December 21, 2021


Kisatchie Pines 02 03/18/2015 — Kisatchie National Forest, Natchitoches Parish, Louisiana
We can start anywhere.
That's the coolest thing
about finding our way.
It always begins right here, 
right now,
where we are.
And with letting that be that.

Too much of the time
we want to be anywhere but 
where we are.
Where we are is what brought us
to wanting to be anywhere but here.

Had to get here to want 
to be somewhere else.
Start here.

And what we start with
is asking all of the questions
that beg to be asked
by being here.

Make a list.
I'm serious.
Write them down.
And write down all of the questions
that are generated 
by asking the questions.

Do not pause to answer any of them,
and do not think any question
is an answer in itself--
every question is a springboard
into other questions.

Our place is to ask al of the questions!
By writing them down.

Buy a spiral-bound notebook.
Or start a file on your computer,
or whatever your favorite way to write is.
And start writing your questions.

All good questions lead to more questions.
Ask them all.
See where they lead.
You are on your way!
Following your questions
is the best way to get anywhere,
especially away from here, now.

Do not assume you know anything.
Do not take anything for granted.
Ask questions about everything
you think you know!

Heidi-ho! Off we go!



Black Bayou 17/18 Panorama 11/02/2015 Oil Paint Rendered — Black Bayou Lake National Wildlife Refuge, Monroe, Louisiana
Tradition and theology
are cop-outs.
When we turn to tradition and theology,
we are letting someone else
do our thinking for us,
do our deciding for us.

May as well chug whiskey 
straight from the bottle.
We have checked out of our own life,
and turned things over to someone else,
to something else.
Because we are tired of doing our life
on our own.
And do not want the responsibility
any longer.

You can take your Hero's Journey 
and shove it anywhere you like.
We've had it.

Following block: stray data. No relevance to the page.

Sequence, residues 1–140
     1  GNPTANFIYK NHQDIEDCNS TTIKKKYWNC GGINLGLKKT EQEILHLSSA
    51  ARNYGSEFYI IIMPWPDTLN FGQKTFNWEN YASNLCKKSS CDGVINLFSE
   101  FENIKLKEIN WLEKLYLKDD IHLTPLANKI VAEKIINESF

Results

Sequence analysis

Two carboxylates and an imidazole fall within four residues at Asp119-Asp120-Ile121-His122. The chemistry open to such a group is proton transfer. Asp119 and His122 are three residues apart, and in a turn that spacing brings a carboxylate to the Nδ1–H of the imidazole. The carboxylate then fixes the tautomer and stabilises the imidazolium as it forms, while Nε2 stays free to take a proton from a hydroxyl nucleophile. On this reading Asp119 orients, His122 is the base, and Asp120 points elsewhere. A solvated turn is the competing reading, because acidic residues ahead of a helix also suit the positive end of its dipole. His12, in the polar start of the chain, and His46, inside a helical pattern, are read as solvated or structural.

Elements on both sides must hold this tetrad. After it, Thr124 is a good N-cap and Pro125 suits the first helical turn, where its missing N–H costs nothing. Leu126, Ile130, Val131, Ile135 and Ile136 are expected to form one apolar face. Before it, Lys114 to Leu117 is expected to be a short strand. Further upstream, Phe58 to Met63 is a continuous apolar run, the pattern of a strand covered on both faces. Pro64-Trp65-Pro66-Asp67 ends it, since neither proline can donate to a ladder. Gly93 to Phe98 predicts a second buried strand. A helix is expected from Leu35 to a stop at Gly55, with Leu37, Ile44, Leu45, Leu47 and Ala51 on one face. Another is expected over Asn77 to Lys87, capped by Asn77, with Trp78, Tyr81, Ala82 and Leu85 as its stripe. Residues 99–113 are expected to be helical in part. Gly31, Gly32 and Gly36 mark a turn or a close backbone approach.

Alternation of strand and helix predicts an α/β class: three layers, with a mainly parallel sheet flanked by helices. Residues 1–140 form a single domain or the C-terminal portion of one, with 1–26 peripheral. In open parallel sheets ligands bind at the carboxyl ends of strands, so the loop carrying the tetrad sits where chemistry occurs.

Worn out with it.
Through with it.

Bring on tradition,
and/or whiskey!
We are going to stop living
here and now!

That's what tradition, theology
and whiskey are good for.
Dying long before we are dead.
Because we just don't have 
the heart for it.
For one more day of thinking 
for ourselves,
making our own decisions,
wondering where to go from here.

It is called being at the end of our rope.
That is a great place to be.
We have to get there
before we can change our mind
about what is important--
thinking we know what is important
is what gets us there,
to the end of our rope, I mean.

And, once we get there,
we think checking out is 
the most important thing.
But, at the end of our rope,
we have proved to ourselves
that we cannot be trusted
to know what is important,
particularly what is most important,
so we have no business opting out,
and going with tradition, theology and/or whiskey.

Our place is simply to hang on
to the end of our rope
and see what happens,
dangling there, waiting.

Now, my formula for waiting,
at the end of our rope,
or anywhere else,
is to wait in the right kind of way,
which means emptying ourselves 
of everything.

Particularly moods.
No moods while you wait.
And thinking.
No thinking while you wait.
And emotions.
No emotions while you wait.
Clean all of it out.
All your wants/wishes/fear/desire/
certainties and convictions...
All of the 10,000 things
that crowd in there
in your poor little over-loaded,
over-crowded, mind.
Open the door and sweep it all out.